The Senate bill, unveiled today, is not a health care bill. It’s a massive transfer of wealth from middle-class and poor families to the richest people in America. It hands enormous tax cuts to the rich and to the drug and insurance industries, paid for by cutting health care for everybody else. Those with private insurance will experience higher premiums and higher deductibles, with lower tax credits to help working families cover the costs, even as their plans might no longer cover pregnancy, mental health care, or expensive prescriptions. Discrimination based on pre-existing conditions could become the norm again. Millions of families will lose coverage entirely.

Simply put, if there’s a chance you might get sick, get old, or start a family – this bill will do you harm. And small tweaks over the course of the next couple weeks, under the guise of making these bills easier to stomach, cannot change the fundamental meanness at the core of this legislation.

It’s odd to criticize the bill as a “massive transfer of wealth from middle-class and poor families to the richest people in America,” when all that Trumpcare does is allow people to keep their own money. The status quo is not redistributionism. It is property rights. Obamacare was actually a massive transfer of wealth at the point of government gun from the healthy to the sick, from the young to the old, and from the middle class to the poor. But if you tweak it, you’re Satan, apparently.

Then Obama reels off the list of horribles:

I hope our Senators ask themselves – what will happen to the Americans grappling with opioid addiction who suddenly lose their coverage? What will happen to pregnant mothers, children with disabilities, poor adults and seniors who need long-term care once they can no longer count on Medicaid? What will happen if you have a medical emergency when insurance companies are once again allowed to exclude the benefits you need, send you unlimited bills, or set unaffordable deductibles? What impossible choices will working parents be forced to make if their child’s cancer treatment costs them more than their life savings?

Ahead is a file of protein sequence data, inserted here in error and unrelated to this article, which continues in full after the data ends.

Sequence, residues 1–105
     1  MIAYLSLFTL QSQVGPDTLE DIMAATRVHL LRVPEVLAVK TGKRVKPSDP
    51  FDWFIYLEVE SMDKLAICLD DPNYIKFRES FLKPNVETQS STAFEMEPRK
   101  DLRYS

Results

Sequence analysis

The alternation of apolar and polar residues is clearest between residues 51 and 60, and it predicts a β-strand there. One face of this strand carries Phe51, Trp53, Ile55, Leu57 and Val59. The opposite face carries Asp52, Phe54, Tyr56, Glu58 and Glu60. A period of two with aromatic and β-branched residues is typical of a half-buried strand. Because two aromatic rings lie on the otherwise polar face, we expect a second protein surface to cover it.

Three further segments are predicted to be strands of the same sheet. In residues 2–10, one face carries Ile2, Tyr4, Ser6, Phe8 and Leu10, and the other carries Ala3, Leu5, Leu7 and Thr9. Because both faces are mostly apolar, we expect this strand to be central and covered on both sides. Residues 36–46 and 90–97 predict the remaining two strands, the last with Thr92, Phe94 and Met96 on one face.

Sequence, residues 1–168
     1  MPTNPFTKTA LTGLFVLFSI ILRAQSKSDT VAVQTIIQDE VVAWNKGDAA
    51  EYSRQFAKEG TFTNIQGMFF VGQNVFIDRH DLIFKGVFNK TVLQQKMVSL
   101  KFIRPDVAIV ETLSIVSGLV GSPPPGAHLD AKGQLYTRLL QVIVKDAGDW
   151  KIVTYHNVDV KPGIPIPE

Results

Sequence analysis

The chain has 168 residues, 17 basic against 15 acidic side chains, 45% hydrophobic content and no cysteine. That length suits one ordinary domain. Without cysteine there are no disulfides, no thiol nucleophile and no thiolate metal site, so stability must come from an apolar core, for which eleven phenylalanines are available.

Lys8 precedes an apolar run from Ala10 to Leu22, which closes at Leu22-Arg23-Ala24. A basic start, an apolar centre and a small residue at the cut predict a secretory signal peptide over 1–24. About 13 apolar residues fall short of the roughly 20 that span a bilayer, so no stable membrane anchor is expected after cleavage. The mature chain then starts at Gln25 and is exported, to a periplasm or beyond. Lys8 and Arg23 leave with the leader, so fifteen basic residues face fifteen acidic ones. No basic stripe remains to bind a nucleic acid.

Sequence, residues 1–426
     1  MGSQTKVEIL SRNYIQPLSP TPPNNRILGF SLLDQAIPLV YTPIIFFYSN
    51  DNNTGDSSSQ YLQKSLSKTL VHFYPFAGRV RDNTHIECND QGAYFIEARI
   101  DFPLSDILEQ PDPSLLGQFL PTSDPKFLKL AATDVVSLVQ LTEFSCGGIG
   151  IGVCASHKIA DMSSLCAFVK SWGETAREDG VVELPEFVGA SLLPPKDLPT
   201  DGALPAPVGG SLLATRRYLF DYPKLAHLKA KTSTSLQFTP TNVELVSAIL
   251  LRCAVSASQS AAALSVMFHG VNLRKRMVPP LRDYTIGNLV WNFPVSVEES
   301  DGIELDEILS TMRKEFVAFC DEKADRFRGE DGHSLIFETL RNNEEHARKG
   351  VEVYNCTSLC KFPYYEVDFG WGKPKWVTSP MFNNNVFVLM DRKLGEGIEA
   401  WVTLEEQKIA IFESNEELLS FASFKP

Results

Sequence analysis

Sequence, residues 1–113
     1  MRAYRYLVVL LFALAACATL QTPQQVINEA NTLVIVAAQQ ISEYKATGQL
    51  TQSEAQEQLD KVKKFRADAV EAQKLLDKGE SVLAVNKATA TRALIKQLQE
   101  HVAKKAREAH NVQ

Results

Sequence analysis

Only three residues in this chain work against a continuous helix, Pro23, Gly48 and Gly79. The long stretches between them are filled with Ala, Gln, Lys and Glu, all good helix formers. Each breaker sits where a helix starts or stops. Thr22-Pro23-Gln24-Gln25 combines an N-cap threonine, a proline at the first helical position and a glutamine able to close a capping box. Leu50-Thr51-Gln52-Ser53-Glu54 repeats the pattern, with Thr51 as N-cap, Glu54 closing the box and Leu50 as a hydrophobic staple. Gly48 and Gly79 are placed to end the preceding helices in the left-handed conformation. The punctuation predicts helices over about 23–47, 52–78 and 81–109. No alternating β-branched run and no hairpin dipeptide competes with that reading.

Actually, the new system is designed to make fewer people dependent on Medicaid by allowing states to come up with more creative solutions and subsidizing people who can’t afford health insurance. And Trumpcare doesn’t actually allow “unlimited bills” – right now, insurance companies aren’t working within Obamacare at all thanks to its unaffordable insanity. To pretend that parents have been saved from the scourge of medical cost for child cancer care under Obamacare is pure fiction. But again, this was always about Obama and the Democrats attempting to castigate Republicans as evil:

After all, this debate has always been about something bigger than politics. It’s about the character of our country – who we are, and who we aspire to be. And that’s always worth fighting for.

If Obama is right, the debate isn’t about one group of people who want sick, poor people to have coverage and another who hate sick, poor people. The debate is about a group of people who think that centralized government can control your health care decisions better than you can, and that bankrupting insurance companies is somehow morally justified, and another group of people who think that you are best qualified to make your own health decisions, and that free market competition makes health care more available.

But Obama’s character never changes: in his own mind, he’s a saint, and all who disagree must burn.